For inspiration, look at Uber’s voice guidelines. Here’s an excerpt:
“[This guide]is designed to serve as an umbrella that informs and unites style guides for departments, countries, and languages. Voice and tone express a brand’s essence, signaling who we are and what we stand for. They create the feeling: ‘that sounds like Uber.’ And they let us show up in the world as the innovative global mobility company we are.”
And here’s how they followed that approach in one of their product design updates:
Different ways to communicate
In digital product design, there are lots of different scenarios where you need to communicate a specific message to the user. These scenarios include the onboarding process, in-app dialogs and different feedback screens. Use these scenarios as opportunities to connect with your users and put them at ease.
App onboarding process
The onboarding process starts with an app launch screen, which is used to keep users engaged while the app loads. It lets you set the tone for the in-app experience and increase engagement using your logo, colors, text or any imagery.
Onboarding is a starting point for someone to get familiar with the product and its main features—and to immediately understand how it will solve a problem they’re having. If it doesn’t seem worthwhile, that person likely won’t come back.
Besides being an introduction to your product’s main features, onboarding is also an opportunity to communicate in your brand’s visual language.
Check out how Slowly does this successfully in their onboarding process. Through a set of screens, the app communicates the benefits and value a user will receive from using it, educates them about its core function (mailing), and collects profile information to deliver personalized content and notifications.
Slowly keeps onboarding concise when demonstrating its benefits. This entire onboarding process facilitates a positive user experience and leads to better product adoption and increased user retention.
For those interested in learning more, here’s a guide on how to design a perfect onboarding experience.
Dialogs enable users to perform a task or ask questions, and they can also provide users with information or feedback on progress. Dialogs consist of a title, optimal main instruction or information, different controls and commit buttons.
When you’re writing text for these, use a short, concise statement or question in a title to clearly explain what’s included in the request. Write dialog content in your specific brand voice by referring to your predefined style guidelines.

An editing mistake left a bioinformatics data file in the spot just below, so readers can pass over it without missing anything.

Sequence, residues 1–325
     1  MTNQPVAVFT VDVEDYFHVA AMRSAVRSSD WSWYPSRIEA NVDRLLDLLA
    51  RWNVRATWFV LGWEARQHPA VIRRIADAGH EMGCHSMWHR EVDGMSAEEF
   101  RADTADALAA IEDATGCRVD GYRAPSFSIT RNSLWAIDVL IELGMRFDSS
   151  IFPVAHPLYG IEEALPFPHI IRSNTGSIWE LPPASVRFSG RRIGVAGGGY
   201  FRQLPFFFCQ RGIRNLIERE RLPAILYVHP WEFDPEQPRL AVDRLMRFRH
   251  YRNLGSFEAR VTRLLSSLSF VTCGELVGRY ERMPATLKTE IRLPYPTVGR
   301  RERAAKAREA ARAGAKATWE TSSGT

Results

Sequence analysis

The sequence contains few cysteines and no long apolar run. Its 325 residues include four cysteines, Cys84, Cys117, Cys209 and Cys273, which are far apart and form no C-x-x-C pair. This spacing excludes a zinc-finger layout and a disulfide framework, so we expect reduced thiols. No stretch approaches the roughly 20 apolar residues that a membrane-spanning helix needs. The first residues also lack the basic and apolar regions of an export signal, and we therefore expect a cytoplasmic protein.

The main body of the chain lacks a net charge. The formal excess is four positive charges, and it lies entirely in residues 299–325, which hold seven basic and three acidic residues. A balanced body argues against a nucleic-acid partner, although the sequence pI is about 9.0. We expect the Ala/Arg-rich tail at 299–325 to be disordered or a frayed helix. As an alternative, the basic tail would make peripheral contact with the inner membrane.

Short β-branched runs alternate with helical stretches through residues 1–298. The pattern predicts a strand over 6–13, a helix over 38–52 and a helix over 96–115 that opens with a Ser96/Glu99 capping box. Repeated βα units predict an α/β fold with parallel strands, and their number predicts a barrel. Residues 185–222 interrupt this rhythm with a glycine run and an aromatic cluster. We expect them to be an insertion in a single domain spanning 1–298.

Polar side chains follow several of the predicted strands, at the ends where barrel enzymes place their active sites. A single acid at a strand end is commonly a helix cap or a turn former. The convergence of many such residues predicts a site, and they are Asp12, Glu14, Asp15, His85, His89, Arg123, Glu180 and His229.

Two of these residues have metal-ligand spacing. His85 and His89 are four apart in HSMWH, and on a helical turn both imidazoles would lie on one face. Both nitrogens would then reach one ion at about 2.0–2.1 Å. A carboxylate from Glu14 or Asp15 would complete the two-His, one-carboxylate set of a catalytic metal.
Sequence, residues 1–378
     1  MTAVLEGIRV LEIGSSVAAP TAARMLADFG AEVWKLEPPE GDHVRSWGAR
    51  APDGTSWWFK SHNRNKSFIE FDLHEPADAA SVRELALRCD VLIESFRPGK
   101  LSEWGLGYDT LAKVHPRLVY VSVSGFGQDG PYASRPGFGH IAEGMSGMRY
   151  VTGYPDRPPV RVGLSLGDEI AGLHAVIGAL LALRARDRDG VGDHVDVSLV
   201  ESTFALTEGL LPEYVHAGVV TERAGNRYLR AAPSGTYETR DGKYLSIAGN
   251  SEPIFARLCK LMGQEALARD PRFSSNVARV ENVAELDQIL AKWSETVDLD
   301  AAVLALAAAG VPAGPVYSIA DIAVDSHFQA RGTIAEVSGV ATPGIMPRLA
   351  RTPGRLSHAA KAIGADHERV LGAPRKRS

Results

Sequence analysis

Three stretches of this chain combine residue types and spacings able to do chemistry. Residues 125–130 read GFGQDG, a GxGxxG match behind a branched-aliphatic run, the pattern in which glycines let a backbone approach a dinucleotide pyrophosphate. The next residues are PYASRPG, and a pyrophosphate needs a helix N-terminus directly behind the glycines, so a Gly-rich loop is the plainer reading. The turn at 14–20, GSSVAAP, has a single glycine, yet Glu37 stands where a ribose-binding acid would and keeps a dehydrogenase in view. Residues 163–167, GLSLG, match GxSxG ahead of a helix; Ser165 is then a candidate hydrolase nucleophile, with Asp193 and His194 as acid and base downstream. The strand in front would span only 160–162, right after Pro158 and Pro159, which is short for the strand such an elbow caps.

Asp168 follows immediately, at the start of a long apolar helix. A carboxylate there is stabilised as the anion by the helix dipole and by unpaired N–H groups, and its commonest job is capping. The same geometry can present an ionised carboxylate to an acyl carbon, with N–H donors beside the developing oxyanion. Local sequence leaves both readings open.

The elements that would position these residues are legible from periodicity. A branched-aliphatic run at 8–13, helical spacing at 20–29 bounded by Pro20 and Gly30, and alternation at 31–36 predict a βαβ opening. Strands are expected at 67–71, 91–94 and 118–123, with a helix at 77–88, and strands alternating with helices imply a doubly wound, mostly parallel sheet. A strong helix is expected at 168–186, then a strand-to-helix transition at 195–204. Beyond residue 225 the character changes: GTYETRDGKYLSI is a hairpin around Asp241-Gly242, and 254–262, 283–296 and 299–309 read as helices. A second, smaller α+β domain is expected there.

For a solid example, see this Headspace message and how their copy is in their brand voice. In this dialog, they point out benefits in a casual tone:
Feedback type screens (empty, error, and success states)
The purpose of feedback-type screens is to inform users on actions they took (or actions they’re about to take). It’s also an opportunity to use your brand’s tone of voice, imagery and colors.
1. Empty states
Empty states can display a wide variety of content like a list without list items or a search that returns no results.
Below is a great example of an empty state from Airbnb. They use their brand’s illustration system to enrich something that would otherwise be a simple “nothing found” message while simultaneously encouraging their users to explore and take action.
2. Error states
Error states need to clearly indicate what’s wrong. Handle error states according to your brand. For instance, if your tone is a bit quirky, take inspiration from brands like Redbubble:
3. Success states
This is the most positive part of user experience, and it happens when someone successfully completes a certain task. You can use a success state to let a user know how much you appreciate their accomplishment in accordance to your brand style, like Lifesum does below:
Having clearly defined style guidelines will ensure that your digital products stay consistent across different devices. This, in turn, will enable your audience to make that instant connection with your brand as soon as they start interacting with your digital product.
Consistency is everything.
Header photo by Balázs Kétyi on Unsplash